# Why is the ratio of TSFC at altitude vs. sea level different for hi-bypass vs. lo-bypass turbofan engines?

I've read up on how the thrust-specific fuel consumption of turbofan/turbine engines increases with altitude, and the Georgia Institute of Technology plot in particular seems to indicate that, for most modern airliners, the TSFC at cruise is 1.6 to 1.7 that of static thrust at sea level.

Now, I've come across this site (courtesy of the Wikipedia page for TSFC) and noted some wide variations with $$TSFC_{cruise}$$ vs. $$TSFC_{0}$$.

Some examples (data from the page linked above):

• GE CF6-50C2: $$\dfrac{TSFC_{cruise}}{TSFC_{0}} = \dfrac{0.630}{0.371} = 1.698$$.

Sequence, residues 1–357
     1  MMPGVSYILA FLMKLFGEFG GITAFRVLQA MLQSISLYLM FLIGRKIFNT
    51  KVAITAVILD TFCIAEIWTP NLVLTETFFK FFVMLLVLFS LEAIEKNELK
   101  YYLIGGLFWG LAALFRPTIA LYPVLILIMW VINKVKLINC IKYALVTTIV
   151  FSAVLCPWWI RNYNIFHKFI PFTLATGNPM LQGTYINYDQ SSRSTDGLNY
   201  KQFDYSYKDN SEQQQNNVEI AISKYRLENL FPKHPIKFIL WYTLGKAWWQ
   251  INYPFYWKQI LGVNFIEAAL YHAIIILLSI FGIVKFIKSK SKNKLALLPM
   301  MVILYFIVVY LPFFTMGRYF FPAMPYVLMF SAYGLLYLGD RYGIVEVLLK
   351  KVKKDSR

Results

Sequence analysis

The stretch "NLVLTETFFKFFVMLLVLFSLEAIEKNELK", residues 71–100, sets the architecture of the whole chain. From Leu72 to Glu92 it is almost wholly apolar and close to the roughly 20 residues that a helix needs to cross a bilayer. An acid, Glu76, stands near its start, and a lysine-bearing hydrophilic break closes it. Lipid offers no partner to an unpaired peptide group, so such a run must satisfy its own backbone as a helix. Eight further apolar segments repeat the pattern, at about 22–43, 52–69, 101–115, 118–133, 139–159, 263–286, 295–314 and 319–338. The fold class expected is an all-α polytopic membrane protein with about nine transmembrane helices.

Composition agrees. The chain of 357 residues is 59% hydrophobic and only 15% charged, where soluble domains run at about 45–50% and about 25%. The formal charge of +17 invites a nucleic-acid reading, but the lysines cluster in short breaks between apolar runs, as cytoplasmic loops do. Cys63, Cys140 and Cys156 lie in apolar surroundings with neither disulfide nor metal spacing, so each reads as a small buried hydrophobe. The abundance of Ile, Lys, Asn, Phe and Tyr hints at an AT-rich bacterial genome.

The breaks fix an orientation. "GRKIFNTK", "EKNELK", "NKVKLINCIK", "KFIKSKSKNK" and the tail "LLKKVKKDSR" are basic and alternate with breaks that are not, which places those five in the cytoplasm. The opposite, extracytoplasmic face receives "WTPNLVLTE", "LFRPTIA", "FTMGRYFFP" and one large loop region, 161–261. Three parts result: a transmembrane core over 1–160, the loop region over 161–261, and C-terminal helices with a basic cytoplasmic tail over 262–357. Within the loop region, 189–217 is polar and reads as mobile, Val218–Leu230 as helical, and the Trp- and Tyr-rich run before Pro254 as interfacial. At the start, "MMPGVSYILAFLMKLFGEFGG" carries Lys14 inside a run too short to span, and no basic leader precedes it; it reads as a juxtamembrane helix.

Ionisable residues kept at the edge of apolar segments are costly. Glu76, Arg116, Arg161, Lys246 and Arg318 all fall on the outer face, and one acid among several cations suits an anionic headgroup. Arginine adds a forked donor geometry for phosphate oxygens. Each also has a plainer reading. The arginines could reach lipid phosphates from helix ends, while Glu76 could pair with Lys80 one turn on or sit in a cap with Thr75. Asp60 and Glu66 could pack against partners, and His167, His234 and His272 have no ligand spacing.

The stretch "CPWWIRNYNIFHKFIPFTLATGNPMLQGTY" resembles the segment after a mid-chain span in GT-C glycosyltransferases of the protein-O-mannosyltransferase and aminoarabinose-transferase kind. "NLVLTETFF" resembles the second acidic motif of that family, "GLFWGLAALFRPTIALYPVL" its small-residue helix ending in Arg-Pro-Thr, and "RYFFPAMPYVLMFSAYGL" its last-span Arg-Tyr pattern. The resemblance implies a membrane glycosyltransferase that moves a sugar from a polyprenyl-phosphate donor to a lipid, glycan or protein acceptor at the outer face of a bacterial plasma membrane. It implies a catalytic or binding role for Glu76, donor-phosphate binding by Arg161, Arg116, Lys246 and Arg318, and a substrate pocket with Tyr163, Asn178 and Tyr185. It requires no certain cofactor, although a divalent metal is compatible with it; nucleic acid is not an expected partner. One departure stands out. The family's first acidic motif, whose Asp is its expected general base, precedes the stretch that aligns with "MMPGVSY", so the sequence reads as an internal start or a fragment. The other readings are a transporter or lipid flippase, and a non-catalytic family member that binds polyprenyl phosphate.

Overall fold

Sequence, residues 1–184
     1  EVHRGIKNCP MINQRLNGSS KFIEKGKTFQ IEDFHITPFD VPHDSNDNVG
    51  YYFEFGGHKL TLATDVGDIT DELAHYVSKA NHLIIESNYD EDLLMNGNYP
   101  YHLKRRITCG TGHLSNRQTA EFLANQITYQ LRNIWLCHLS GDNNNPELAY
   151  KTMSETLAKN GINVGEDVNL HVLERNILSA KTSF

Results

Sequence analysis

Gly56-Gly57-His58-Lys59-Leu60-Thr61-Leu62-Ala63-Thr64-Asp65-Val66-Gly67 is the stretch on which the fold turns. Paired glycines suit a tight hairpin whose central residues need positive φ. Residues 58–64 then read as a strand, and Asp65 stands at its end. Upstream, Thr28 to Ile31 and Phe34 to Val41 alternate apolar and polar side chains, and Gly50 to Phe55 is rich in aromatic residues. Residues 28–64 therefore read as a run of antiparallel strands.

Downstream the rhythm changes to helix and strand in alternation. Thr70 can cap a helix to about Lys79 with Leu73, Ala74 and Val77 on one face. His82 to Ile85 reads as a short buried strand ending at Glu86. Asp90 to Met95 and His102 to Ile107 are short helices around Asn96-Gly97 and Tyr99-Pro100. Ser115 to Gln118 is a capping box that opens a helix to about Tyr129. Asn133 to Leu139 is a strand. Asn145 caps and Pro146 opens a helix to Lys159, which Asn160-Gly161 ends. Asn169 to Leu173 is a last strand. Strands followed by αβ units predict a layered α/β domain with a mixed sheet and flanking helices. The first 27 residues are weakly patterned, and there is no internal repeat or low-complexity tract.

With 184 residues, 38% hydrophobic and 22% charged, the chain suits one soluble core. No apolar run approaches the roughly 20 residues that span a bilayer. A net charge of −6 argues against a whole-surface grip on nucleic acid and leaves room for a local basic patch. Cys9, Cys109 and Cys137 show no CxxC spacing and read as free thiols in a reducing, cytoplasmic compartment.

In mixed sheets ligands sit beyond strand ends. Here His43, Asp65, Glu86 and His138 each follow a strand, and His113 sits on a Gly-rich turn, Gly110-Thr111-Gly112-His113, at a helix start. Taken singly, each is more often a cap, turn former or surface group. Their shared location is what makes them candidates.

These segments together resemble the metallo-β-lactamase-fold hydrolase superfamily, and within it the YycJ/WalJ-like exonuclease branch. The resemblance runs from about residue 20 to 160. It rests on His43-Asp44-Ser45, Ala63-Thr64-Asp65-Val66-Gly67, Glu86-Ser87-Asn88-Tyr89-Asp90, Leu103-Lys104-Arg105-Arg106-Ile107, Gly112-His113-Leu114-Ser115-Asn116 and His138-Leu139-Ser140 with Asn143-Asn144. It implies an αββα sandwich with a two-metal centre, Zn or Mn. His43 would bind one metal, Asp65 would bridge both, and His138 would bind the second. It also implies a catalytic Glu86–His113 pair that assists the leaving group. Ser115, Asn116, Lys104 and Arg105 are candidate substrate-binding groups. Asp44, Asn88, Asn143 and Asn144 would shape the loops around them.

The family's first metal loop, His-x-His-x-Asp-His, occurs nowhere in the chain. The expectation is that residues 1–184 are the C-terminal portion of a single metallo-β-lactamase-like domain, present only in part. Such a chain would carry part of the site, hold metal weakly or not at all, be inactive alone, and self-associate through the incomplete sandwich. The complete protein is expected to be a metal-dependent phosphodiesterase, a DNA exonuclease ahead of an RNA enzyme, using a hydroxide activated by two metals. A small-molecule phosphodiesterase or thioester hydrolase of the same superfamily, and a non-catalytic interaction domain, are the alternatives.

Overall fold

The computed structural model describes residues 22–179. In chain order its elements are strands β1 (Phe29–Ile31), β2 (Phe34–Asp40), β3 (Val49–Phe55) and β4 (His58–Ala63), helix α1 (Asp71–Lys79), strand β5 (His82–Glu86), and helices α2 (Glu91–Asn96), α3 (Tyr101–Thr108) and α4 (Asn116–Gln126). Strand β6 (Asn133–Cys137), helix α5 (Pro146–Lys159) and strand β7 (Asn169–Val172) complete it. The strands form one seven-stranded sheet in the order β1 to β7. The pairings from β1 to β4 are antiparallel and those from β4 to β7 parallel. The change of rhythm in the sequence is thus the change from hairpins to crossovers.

• P&W PW2040: $$\dfrac{0.582}{0.330} = 1.764$$.
• RR RB.211-535E4-37: $$\dfrac{0.598}{0.324} = 1.846$$.
• P&W JT8D-15A: $$\dfrac{0.810}{0.590} = 1.373$$.
• RR Conway RCo.12 Mk.508: $$\dfrac{0.822}{0.726} = 1.132$$.
• RR Spey RSp.4 Mk.511-5: $$\dfrac{0.770}{0.600} = 1.283$$.

The upper three examples are high-bypass turbofans, and the lower three are low-bypass. Notice the big differences in the TSFC ratios.

What causes this difference?

• You would have to check at what altitude "cruise" is. When the B-52 was originally designed to fly at high altitudes, the lower bypass engines may have been better. Your data shows the fans giving better TSFC cruise even though they have higher ratios. No surprise they do better at lower Mach/denser air, where props once ruled. Commented Jan 14 at 23:55